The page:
China is losing its foothold in the global sourcing market. Countries that were once having their sourcing operations with China are now seeking alternates. How much would this shifting favor its Asian counterparts, especially Bangladesh?

The word 'sourcing' invariably meant China, until the recent past. Of late, with issues such as Yuan appreciation, soaring labor and material costs plaguing the dragon nation, countries which were having their sourcing operation in China so far, are now considering other options. Market trends indicate spectacular views indicating that industry key players are slowly moving from China, and are considering other options for their sourcing requirements.

Earlier China was a most preferred sourcing destination. Evaluation criteria's analyzed by any sourcing country for selecting a sourcing destination are; labor availability, skilled labor force, labor costs, infrastructure development, techniques, and skills available in the city. Many businesses have established their sourcing operations in different cities of China which had economic and social development.

But currently, industry players are feeling dismal about China. Numerable factors such as aging work force in China, increasing labor costs, Yuan appreciation, and hiking material costs are pushing China from its place as a desirable sourcing destination. Drastic development of the country has caused an increase in the price of material, labor and transportation. All this is likely to affect its competitiveness in the global market.

Shifting trends towards Asian countries:

Increasing production costs shortens the gap of manufacturing costs between China and other countries. Buyers are seeking other alternatives that would be less expensive, comparatively over China. A survey report by KPMG reveals that, "With increasing labor costs and an aging workforce, China is losing its foothold as the world's lowest cost manufacturer of consumer goods. Rising costs are forcing companies to take a closer look at new sourcing locations across Asia ". A survey about the German companies in China reveals that one out of every five German companies operating in China is planning to pull out their operations.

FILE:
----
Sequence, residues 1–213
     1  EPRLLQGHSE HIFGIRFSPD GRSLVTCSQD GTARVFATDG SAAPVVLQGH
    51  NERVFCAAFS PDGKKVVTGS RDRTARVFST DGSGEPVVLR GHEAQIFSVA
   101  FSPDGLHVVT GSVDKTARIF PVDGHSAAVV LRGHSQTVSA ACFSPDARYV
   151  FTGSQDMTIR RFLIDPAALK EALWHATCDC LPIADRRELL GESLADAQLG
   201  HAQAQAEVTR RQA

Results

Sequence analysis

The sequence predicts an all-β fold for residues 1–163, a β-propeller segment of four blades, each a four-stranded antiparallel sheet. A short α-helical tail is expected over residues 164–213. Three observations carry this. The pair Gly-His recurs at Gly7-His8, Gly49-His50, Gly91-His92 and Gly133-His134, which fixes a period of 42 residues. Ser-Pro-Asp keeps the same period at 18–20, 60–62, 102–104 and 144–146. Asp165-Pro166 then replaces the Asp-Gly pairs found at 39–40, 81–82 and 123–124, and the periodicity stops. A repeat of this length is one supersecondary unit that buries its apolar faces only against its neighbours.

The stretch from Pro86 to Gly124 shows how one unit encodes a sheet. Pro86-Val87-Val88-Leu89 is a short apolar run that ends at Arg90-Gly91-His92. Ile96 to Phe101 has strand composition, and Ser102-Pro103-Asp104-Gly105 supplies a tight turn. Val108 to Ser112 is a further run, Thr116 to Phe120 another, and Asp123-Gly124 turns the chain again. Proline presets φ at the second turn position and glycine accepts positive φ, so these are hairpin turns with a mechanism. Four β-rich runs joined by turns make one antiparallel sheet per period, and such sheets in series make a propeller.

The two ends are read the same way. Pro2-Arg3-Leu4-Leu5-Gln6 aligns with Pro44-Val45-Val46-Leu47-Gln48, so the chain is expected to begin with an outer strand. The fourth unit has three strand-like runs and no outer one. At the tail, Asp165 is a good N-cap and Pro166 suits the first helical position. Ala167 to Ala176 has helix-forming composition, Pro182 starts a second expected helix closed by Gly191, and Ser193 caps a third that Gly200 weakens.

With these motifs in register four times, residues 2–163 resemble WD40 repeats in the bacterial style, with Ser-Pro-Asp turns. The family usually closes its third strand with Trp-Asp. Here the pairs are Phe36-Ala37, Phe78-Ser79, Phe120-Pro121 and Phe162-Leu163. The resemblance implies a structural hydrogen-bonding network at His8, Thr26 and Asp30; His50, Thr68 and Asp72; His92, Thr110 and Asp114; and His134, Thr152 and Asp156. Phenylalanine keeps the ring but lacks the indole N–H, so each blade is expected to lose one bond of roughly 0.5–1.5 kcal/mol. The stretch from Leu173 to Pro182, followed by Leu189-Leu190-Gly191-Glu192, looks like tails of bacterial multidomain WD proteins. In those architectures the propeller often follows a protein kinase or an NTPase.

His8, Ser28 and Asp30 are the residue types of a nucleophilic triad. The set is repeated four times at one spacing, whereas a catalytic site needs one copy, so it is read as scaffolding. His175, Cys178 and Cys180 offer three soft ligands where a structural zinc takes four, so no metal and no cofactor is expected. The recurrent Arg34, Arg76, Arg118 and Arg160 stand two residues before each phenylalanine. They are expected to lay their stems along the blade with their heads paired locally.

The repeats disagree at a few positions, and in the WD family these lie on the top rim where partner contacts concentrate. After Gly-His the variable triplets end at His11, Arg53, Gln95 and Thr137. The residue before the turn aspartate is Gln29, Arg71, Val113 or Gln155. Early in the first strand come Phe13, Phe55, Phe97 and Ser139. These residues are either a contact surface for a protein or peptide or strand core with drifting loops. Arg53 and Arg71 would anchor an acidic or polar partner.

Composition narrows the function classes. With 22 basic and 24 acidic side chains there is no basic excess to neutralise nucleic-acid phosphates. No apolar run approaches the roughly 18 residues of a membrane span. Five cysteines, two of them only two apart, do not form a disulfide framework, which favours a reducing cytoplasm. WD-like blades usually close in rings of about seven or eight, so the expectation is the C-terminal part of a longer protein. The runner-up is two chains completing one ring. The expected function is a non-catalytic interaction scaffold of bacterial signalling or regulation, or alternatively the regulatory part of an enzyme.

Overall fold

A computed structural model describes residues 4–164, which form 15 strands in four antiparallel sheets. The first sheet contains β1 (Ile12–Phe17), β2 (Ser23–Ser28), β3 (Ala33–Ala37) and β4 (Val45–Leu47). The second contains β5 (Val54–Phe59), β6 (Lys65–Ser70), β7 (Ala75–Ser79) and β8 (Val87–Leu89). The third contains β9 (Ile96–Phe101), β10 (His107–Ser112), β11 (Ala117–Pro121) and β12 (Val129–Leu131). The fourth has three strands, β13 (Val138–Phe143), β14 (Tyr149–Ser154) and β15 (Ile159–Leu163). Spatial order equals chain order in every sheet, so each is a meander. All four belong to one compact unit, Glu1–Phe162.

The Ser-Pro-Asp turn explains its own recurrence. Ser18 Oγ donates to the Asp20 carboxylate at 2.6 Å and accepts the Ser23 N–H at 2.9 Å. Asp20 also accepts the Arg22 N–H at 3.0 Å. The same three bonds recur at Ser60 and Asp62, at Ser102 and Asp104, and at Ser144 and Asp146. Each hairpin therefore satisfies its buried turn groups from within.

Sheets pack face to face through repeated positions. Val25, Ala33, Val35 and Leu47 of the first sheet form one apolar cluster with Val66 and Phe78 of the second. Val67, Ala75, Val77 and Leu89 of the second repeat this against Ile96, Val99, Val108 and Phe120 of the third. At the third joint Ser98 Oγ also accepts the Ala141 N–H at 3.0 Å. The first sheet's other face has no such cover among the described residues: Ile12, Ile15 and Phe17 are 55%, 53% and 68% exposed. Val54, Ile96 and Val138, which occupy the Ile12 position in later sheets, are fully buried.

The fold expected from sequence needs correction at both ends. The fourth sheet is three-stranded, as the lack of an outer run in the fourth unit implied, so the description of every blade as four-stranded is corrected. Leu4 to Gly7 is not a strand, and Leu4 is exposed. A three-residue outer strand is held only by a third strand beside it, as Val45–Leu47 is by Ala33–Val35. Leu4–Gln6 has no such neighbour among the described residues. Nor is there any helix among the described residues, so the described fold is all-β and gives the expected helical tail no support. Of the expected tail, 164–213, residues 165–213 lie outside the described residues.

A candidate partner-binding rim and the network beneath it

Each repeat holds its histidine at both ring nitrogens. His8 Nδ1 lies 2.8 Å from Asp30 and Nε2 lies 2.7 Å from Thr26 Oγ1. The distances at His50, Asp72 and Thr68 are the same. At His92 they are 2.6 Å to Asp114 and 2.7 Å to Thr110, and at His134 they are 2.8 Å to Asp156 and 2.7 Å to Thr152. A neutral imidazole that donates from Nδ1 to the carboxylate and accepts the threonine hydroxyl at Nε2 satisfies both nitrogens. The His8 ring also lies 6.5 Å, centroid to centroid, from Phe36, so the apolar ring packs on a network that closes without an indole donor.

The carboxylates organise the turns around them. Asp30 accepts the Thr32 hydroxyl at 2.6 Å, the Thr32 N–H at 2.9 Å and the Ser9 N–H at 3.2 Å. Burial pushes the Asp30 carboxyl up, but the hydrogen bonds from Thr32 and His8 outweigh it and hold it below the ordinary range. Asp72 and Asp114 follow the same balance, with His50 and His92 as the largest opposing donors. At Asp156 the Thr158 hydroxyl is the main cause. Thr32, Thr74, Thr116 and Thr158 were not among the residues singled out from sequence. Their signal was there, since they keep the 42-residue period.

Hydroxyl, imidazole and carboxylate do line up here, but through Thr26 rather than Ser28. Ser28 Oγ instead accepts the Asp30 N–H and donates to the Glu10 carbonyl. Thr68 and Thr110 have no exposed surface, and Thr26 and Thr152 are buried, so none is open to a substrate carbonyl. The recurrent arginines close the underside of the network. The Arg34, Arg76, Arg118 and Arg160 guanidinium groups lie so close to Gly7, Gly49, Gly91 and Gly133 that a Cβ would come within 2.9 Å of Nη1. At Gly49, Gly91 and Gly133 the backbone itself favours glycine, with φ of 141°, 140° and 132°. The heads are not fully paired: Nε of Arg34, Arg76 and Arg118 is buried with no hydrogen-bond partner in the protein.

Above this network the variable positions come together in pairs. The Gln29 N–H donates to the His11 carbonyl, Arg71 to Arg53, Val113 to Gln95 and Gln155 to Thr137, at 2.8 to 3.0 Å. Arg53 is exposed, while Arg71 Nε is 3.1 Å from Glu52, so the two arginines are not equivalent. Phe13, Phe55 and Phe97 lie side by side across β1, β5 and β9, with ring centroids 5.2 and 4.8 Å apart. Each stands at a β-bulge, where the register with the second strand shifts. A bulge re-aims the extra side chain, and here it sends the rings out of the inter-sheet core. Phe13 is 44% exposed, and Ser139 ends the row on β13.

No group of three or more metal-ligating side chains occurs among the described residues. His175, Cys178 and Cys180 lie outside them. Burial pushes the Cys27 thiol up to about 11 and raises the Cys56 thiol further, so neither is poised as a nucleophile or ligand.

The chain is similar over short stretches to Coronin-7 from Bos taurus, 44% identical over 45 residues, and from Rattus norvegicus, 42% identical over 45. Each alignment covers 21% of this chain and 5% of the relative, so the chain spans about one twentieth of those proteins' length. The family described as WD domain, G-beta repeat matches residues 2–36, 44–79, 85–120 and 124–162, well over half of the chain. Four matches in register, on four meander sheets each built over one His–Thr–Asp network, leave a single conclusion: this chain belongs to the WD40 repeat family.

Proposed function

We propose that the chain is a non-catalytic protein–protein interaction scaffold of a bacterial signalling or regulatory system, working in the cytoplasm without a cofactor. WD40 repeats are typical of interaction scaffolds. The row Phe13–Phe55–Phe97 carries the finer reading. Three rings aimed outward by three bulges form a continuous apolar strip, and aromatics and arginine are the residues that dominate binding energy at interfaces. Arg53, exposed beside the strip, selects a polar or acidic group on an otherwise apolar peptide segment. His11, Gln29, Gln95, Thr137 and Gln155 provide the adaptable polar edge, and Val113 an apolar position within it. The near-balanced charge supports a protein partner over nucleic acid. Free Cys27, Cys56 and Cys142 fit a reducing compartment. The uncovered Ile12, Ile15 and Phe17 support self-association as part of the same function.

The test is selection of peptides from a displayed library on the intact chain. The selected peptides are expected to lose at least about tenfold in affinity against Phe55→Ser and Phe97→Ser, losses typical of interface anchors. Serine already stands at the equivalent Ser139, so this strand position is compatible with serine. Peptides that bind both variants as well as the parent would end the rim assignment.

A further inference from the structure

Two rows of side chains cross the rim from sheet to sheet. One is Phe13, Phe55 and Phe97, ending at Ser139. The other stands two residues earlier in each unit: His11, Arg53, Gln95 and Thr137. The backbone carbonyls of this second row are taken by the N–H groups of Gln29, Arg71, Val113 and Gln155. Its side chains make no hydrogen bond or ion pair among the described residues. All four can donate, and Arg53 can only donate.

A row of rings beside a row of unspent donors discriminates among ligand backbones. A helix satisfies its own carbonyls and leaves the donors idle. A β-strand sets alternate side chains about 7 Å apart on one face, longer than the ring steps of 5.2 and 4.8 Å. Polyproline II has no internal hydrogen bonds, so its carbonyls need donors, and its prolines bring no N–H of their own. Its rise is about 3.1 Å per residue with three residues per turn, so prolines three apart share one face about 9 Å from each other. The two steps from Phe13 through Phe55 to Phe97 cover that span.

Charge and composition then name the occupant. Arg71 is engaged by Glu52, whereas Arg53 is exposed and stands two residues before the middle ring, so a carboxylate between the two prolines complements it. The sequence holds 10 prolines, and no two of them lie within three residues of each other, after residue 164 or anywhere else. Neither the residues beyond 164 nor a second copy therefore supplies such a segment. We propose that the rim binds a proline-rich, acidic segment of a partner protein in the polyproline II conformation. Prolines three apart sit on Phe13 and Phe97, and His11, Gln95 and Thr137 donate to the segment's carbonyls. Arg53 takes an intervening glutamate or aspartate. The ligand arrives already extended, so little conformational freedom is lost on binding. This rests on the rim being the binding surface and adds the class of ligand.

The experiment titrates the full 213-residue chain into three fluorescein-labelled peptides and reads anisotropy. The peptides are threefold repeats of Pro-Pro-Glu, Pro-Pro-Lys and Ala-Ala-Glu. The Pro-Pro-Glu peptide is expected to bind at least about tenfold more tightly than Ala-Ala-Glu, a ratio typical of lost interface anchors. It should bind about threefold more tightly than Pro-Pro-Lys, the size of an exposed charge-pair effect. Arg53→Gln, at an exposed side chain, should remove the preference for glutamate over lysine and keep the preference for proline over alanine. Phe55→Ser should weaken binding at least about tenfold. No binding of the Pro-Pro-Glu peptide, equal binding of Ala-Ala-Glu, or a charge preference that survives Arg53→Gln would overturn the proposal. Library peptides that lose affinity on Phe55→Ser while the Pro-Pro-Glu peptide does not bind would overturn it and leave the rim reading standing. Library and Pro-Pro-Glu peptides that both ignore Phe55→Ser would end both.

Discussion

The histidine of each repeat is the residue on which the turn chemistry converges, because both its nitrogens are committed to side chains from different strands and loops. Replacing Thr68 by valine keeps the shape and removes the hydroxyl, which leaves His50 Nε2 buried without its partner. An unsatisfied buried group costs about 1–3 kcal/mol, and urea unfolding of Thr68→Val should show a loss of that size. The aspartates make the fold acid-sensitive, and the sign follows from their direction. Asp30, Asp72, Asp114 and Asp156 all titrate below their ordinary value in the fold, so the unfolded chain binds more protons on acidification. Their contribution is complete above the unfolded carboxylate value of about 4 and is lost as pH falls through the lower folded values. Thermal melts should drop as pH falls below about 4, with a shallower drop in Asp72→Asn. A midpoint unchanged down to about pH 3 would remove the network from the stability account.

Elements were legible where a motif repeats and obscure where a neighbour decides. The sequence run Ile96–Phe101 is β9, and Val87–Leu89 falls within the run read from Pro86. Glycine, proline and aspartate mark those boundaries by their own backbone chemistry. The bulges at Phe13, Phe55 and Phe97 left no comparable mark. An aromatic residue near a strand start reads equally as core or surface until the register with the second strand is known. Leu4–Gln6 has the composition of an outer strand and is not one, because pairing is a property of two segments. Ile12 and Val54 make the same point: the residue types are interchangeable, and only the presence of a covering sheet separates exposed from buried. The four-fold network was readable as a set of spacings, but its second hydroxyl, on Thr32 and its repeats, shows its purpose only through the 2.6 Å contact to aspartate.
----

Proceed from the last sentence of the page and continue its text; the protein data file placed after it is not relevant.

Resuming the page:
More Chinese made apparels exported to the EU and US were recalled during 2009, majority apparels being sportswear, childrenswear, and specialty garments. Out of 92 textile and apparel products recalled by the EU during 2009, Chinese made garments accounted for 65. This deteriorated the image of Chinese made apparels in the global market.

Options to cope with increasing costs of China

China is currently in a position of speculation. Changing environment of China is forcing companies to reconsider their sourcing strategies. International buyers are exploring new regions for their operations. Other Asian countries come on the radar as preferable sourcing substitutes to China. The main reason being their location very near to China facilitates similar transportation charges they incurred while doing business with China.

Bangladesh - seeing new horizons:

Earlier Bangladesh was not much preferred as an option for exporting clothes to rich western nations. Currently, the country is becoming one of the biggest exporters of apparels to the world. It offers a lucrative option for buyers who are seeking options for sourcing from China. During the current FY Bangladesh exported more than $18 billion worth of readymade garments, which accounts for almost 80% of the countrys total export revenues.

Gross annual wage rate

Bangladesh enjoys low manufacturing costs due to inexpensive labor, simple labor laws, and economies of big scale manufacturing. Labor advantage of Bangladesh is competitive, which makes it a preferred sourcing destination. Population is more than 150 million. While the average Chinese citizen is 34 years old, a Bangladeshi is 10 years younger, comparatively. The country has the advantage of getting young labor force in cheaper rates. Though many of them depend on agriculture, garment factories offer good number of jobs.

Availability of fabrics at competitive rates also makes it attractive in the eyes of global industry players. Mr. Surinder Anand, Executive Secretary of Garment Exporter's Association while speaking to Fibre2Fashion says, "Bangladesh Government is also providing more fiscal benefits including exemption of export profit from the levy of income tax besides other fiscal benefits. Bangladesh garment manufacturers get fabric and other raw materials at international prices as if they were buying these inputs from local suppliers ".

Apart from this, Bangladesh is also enjoying the benefits of free trade agreements. EU has allowed duty free exports of apparels. Bangladesh Export Promotion Bureau has optimistic expectations to reach $30 billion in garment exports by 2015.

Bangladesh's apparel sector is quickly developing into a successful export oriented industry exhibiting phenomenal growth. The country's apparel industry is likely to become more competitive in the global market in the years to come.